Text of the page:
The Tales of Beedle the Bard by J.K. Rowling (128 pages)

Screenshot_2019-08-05 The Tales of Beedle the Bard

I’ve never mentioned The Tales of Beedle the Bard on this blog. Until this Top 5 Tuesday, I didn’t see any reason to. While I enjoyed the wizard fairy tales, I am of the belief that J.K. Rowling needs to retire any and all things related to Harry Potter. I would much rather she focus on her Cormoran Strike series or do something else.


Prey by Lurlene McDaniel (196 pages)

Screenshot_2019-08-05 Prey

Prey is one of the books I unhauled a few months ago. It is an older work, published in the early 2000s. It centers on an illicit relationship between a fifteen-year-old boy and his beautiful new history teacher. It is told from three perspectives: the boy, Ryan; his best friend Honey; and the teacher, Lori. Lori is without a doubt a predator and, the thing I remember most about reading Prey, was that reading the teacher’s chapters made me deeply uncomfortable.


Diary of Ellen Rimbauer: My Life at Rose Red by Joyce Reardon (277 pages)

Screenshot_2019-08-05 The Diary of Ellen Rimbauer

I read Diary of Ellen Rimbauer: My Life at Rose Red long before I started my blog. It is told through the diary of a fictional heiress, Ellen, whose sinfully wealthy and unfaithful husband built her a huge, glamourous estate called Rose Red. Strange, frightening events happen throughout the years at Rose Red, including several disappearances and unexplained deaths. Through the diary, Ellen is shown slowly going insane, believing the house is protecting her from those that want to do her or her family harm. It’s been weird since I read it, though I do remember it being extremely weird.


Have you read any of these books?

Top 5 Tuesday: UVWXYZ Books

Of all the letters in the alphabet, I think these are the most hated.

I know we were allowed to turn to Goodreads for each week’s Top 5 Tuesday. Only I have so many books on there that it’s too time-consuming to scroll through them all. To keep things simple, I stuck to books I own. And, for this week’s letters, I did something different.

This week, I chose my three favorite letters in this group: U, V, and W. Forget about finding anything beginning with X. I have titles for Y, only not as many as I want. I don’t own any books beginning with the letter Z. At least, not last time I checked. But these are the books I wanted to talk about the most.



Unearthly by Cynthia Hand (read)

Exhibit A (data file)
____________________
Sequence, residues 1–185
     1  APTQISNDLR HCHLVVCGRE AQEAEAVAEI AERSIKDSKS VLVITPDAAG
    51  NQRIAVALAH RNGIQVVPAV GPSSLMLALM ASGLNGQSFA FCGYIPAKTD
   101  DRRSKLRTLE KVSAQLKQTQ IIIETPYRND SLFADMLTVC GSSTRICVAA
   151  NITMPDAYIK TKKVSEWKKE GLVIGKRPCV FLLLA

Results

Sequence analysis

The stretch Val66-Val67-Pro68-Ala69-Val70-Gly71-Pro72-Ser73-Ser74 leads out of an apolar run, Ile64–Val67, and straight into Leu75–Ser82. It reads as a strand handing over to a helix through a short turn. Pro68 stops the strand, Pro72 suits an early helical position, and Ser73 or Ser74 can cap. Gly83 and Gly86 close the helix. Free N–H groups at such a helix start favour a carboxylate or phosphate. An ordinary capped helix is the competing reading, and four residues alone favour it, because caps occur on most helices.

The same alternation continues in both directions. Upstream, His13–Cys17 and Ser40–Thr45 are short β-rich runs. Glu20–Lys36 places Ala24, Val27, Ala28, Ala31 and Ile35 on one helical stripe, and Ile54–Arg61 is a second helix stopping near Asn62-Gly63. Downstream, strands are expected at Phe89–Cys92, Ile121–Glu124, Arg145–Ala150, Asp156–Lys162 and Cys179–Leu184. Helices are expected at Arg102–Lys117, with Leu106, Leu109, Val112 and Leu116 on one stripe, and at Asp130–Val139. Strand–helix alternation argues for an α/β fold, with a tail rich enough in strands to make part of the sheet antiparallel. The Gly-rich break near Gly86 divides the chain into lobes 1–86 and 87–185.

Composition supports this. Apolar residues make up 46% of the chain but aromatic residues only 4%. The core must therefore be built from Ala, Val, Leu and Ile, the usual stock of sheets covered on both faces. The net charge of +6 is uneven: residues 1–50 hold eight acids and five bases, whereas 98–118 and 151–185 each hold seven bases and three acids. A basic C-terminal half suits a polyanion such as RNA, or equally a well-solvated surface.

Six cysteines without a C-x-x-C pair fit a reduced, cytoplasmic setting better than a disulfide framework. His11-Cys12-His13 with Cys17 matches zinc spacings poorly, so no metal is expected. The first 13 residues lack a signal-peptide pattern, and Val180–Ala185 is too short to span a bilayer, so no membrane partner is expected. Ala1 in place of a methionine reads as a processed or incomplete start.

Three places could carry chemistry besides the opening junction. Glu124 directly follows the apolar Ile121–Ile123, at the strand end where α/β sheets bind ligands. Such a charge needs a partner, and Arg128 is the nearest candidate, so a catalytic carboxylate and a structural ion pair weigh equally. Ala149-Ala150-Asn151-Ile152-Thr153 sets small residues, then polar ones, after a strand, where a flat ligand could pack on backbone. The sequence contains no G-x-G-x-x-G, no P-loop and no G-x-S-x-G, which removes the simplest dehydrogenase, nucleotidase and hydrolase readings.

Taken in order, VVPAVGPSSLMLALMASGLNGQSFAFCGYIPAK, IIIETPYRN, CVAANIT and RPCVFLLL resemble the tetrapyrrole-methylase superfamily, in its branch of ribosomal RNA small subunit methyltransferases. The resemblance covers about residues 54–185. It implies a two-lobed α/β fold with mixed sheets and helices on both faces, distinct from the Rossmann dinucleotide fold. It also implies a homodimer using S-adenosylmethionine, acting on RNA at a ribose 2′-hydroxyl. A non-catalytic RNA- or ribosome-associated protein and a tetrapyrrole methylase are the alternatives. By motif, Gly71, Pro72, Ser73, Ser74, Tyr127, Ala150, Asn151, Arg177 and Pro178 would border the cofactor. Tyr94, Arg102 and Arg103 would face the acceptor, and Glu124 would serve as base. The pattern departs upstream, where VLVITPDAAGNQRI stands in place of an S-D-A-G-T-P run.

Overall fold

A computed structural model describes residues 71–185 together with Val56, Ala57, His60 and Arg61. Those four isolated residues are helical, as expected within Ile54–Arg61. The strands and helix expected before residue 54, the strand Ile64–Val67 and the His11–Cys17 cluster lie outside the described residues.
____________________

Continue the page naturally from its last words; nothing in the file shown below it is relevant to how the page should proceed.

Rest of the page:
Screenshot_2019-07-07 Unearthly (Unearthly, #1)

Another underrated paranormal young adult trilogy that came out around the same time as Vampire Academy by Richelle Mead and City of Bones by Cassandra Clare. This one also has angels and angst, yet I know so few people that have read it.



Vassa in the Night by Sarah Porter (unread)

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A modern-day retelling of Baba Yaga set in an alternative fantastical Brooklyn neighborhood. This has been on my TBR for far too long.



(A) Very Large Expanse of Sea by Tahereh Mafi (unread)

Screenshot_2019-07-07 A Very Large Expanse of Sea

At this point, I still have not read anything by Tahereh Mafi. I checked out the entire Shatter Me series currently out from the library and didn’t get to read it. However, A Very Large Expanse of Sea is her one book I am most interested in reading anyway.



What They Don’t Know by Nicole Maggi (unread)

Screenshot_2019-07-07 What They Don't Know

A book I bought a few months ago on impulse. What They Don’t Know follows two girls who are brought together by tragic events. One is harboring a terrible secret while the other knows something that could ruin lives but save her new friend. It reminds me a lot of Exit, Pursued by a Bear by E.K. Johnston.



Wink Poppy Midnight by April Genevieve Tucholke (read)

Screenshot_2019-07-07 Wink Poppy Midnight

Three words to describe this book: lyrical, magical, and strange. It felt like a modern-day fairy tale, turning all sorts of tropes on their heads. Yet again, an underrated book.


Does anyone know any book titles beginning with the letter X?

Top 5 Tuesday: PQRST Books

I have to say, I was kind of excited for this week’s Top 5 Tuesday letters. There are books on my TBR as well as read books I don’t mention often. Even though I stare at them on my bookshelves. Plus, these are amazing anyway.



P.S. I Like You by Kasie West (read)

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This book I received in an Owlcrate box made me want to give lighter, cuter young adult contemporary novels a chance. For which, I am grateful.



(The) Queen of the Tearling by Erika Johansen (read)

Screenshot_2019-07-07 The Queen of the Tearling (The Queen of the Tearling, #1)

I first read The Queen of the Tearling right as I was getting into high fantasy. Although, I don’t think I was ready for it yet. Now that my feet are adequately soaked in the high fantasy genre, I want to finally complete the trilogy.



Ramona Blue by Julie Murphy (unread)

Screenshot_2019-07-07 Ramona Blue

Julie Murphy is an author I have wanted to read for so long. Besides Dumplin’, I’m most excited to read her book Ramona Blue, as it follows a teenaged girl who thinks she’s a lesbian until her childhood friend returns home after Hurricane Katrina.



Salt to the Sea by Ruta Sepetys (read)

Screenshot_2019-07-07 Salt to the Sea

Salt to the Sea is a book I want to reread for its glorious beauty, inside and out. Unfortunately, I am terrified of getting back on that emotional roller coaster.



They Both Die at the End by Adam Silvera (unread)

Screenshot_2019-07-07 They Both Die at the End

I don’t know when I will be ready for this one. History is All You Left Me pulled a little too hard at my heartstrings. I can’t imagine what They Both Die at the End will do to my mental health.


Is a book you are nervous to reread for whatever reason?